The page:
After checking the website for Pfizer-owned Sudafed products, SN found that the red-and-white boxes of both products feature the same graphics and type faces. One says “Sudafed PE” across the top and the other says “Sudafed.”
A TIME TO CONSULT
At Ukrop's, however, the pharmacy sees this confusion as an opportunity. “Pharmacists are involved now, because the customer has to come to them for certain over-the-counter medicines, and they must keep a log book. This gives the pharmacists an extra chance to provide consultation,” Beckner said.
Just over half of the sales of cold, allergy and sinus medicines for the 52 weeks ending Jan. 28 took place in the drug store channel, Seacrist said. “This may suggest that customers who are curious about these medications are shopping drug stores due to the presence of a pharmacist.”
The recommendation of a pharmacist for non-prescription cold medicine is an extra step allowing for “more health care provider interaction with consumers,” said Stacey Swartz, director of management and educational affairs, National Community Pharmacists Association, Alexandria, Va. “Pharmacists who are now being approached by customers with cold symptoms can really engage them in a conversation about their health care.
Visits to the counter also provide a merchandising opportunity, according to Bruce Kneeland, president, Pharmacy Connections, Valley Forge, Pa. “Even if the supermarket doesn't have a pharmacy, the strategy is to realize that you have not lost the ability to sell these products, they just have to be moved behind the customer service counter.”
“Tough federal, state and local regulations on PSE have put smaller stores at a disadvantage,” said Vodika, referring to the 10% of Bashas' stores that lack pharmacies. Stores without pharmacies can still sell PSE products from behind a service counter, but pharmacies are better equipped to deal with the paperwork and other requirements, observers said.
However, once the product is no longer available for unaided consumer purchase, retailers no longer need to carry as many varieties, Kneeland said. “You can reduce duplicate brands to three or four besides your private-label brand.”
“We went from 197 stockkeeping units to where we are now, down to six,” Barnett said, noting that Brookshire Brothers' PSE product sales are down.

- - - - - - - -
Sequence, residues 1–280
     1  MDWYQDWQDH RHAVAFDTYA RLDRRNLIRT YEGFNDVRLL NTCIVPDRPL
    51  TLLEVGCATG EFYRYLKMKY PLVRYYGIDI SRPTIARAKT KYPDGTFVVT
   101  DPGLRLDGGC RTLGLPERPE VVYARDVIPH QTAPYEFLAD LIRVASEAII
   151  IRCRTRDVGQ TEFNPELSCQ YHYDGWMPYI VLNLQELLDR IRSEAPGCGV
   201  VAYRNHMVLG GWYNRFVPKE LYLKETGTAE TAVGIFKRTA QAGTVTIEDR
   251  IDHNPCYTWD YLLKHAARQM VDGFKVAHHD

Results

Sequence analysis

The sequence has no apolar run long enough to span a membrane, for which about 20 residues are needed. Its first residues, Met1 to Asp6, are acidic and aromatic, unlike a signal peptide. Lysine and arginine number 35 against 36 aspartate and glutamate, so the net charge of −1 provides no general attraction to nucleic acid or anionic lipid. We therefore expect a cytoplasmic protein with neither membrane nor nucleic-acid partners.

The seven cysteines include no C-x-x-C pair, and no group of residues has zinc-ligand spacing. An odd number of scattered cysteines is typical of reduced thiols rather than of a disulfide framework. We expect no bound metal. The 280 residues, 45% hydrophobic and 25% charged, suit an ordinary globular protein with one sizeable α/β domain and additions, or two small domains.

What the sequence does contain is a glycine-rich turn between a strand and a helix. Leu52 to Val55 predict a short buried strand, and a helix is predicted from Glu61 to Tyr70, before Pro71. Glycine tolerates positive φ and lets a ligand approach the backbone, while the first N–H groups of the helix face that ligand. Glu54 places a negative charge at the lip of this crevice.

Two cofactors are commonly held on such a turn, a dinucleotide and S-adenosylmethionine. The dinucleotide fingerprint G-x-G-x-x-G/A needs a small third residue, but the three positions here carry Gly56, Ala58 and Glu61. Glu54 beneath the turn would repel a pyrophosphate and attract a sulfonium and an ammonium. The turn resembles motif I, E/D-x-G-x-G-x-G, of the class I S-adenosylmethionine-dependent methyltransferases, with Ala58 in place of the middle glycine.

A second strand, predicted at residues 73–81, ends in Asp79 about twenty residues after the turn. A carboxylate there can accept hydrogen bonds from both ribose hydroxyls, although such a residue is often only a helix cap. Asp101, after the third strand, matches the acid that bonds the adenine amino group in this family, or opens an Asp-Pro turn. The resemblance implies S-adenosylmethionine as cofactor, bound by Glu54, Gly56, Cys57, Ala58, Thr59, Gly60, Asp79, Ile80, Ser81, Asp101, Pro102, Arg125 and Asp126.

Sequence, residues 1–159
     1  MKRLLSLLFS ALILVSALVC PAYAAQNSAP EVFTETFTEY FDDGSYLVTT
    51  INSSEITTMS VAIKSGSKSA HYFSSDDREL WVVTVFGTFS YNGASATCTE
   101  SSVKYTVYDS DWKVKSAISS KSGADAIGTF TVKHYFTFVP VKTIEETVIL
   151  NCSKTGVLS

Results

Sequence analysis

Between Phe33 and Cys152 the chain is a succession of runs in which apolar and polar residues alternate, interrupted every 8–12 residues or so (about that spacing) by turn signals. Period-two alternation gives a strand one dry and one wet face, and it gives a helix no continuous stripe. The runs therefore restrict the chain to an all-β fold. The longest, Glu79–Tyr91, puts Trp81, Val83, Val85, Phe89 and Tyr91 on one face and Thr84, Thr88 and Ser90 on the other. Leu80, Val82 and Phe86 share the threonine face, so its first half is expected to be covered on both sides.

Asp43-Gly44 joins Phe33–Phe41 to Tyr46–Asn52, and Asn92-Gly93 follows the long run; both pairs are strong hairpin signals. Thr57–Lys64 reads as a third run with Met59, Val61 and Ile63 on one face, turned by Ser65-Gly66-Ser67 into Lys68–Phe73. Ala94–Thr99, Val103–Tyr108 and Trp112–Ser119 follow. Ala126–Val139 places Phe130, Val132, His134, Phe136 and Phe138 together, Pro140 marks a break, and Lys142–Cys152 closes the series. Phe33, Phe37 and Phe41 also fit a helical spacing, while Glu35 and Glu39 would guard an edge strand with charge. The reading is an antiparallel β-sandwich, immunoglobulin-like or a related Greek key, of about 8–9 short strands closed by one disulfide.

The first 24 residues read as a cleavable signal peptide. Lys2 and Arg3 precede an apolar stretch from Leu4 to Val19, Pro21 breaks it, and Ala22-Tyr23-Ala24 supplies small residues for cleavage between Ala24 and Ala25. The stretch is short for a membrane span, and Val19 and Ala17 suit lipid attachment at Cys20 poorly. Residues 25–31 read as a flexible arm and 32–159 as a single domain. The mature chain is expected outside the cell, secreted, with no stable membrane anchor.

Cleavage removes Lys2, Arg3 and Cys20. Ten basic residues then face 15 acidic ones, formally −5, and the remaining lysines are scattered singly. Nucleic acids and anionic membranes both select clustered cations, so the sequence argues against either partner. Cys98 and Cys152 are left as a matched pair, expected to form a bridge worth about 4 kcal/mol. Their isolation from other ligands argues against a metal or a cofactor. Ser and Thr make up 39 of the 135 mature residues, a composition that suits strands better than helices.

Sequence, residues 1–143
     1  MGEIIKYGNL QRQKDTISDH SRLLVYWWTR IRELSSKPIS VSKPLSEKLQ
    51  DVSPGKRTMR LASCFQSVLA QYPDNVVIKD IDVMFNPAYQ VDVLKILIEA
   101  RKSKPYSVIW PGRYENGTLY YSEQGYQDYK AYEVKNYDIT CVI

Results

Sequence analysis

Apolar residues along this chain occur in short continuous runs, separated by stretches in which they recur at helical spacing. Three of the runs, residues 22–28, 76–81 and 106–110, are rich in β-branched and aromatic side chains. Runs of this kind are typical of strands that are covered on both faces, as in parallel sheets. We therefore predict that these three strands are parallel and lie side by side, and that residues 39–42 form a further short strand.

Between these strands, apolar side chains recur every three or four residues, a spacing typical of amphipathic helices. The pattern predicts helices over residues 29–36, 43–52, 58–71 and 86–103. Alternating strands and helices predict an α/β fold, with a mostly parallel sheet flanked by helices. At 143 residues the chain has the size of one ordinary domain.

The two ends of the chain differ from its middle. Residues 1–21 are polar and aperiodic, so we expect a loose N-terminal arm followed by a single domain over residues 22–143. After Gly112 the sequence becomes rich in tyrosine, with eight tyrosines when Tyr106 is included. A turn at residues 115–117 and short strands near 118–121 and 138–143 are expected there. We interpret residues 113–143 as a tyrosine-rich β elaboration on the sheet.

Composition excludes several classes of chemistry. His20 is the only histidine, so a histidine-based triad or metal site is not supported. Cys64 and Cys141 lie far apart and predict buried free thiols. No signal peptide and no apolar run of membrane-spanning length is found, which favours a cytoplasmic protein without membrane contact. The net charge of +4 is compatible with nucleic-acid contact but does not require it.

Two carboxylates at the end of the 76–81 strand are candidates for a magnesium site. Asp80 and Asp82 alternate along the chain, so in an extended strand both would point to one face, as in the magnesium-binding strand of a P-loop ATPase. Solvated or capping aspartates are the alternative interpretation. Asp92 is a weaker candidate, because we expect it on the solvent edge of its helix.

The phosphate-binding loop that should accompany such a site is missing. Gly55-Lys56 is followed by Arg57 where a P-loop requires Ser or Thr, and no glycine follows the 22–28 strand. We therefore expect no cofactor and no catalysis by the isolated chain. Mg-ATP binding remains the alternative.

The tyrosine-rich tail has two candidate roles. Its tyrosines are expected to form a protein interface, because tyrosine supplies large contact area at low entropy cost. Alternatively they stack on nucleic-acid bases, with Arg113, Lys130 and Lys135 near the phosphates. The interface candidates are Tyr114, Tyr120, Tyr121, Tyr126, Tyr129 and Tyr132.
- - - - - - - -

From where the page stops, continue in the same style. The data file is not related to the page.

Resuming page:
Employees may also recommend the private-label brand to demonstrate “that we care about the family budget and can get customers the same ingredients at an affordable price,” Kneeland said.
Stores with and without pharmacies are also concentrating on point-of-purchase materials, he said.
NCPA members usually use shelf tags that inform shoppers the PSE product is available and is behind the counter because of government regulations, Swartz said.
Additional reporting: Dan Alaimo
Consumers' desire for natural products, as well as their hope of driving off colds before they fully form, is increasing sales of products with ingredients like vitamin C, echinacea and zinc, retailers and analysts said.
After attending a recent meeting with vendors, Doug Barnett, director of GM/HBC, Brookshire Brothers, Lufkin, Texas, said, “There were a lot of natural and organic items in cough drops and cough syrups. It looked like all the big guys are coming out with natural products this year.”
Zinc-containing homeopathic remedies available in mainstream stores, such as Zicam from Matrixx Initiatives, Phoenix, and Cold-Eeze from the Quigley Corp., Doylestown, Pa., continue to perform well, said Jeff Seacrist, spokesman for Healthnotes, Portland, Ore., a provider of in-store health information via kiosks.
“Just this category is up over $100 million, which represents only a small portion of the total cough, cold, allergy category, but is growing,” he added.
Products like Emer'gen-C, a vitamin C drink mix made by Alacer, Foothill Ranch, Calif., and vitamins containing echinacea are being used more frequently by consumers to help fight off colds before they get them, he said.
“I think that is a category that is not going away. Organics and naturals are the way of the future everywhere you look,” said Barnett.
— W.T. and D.A.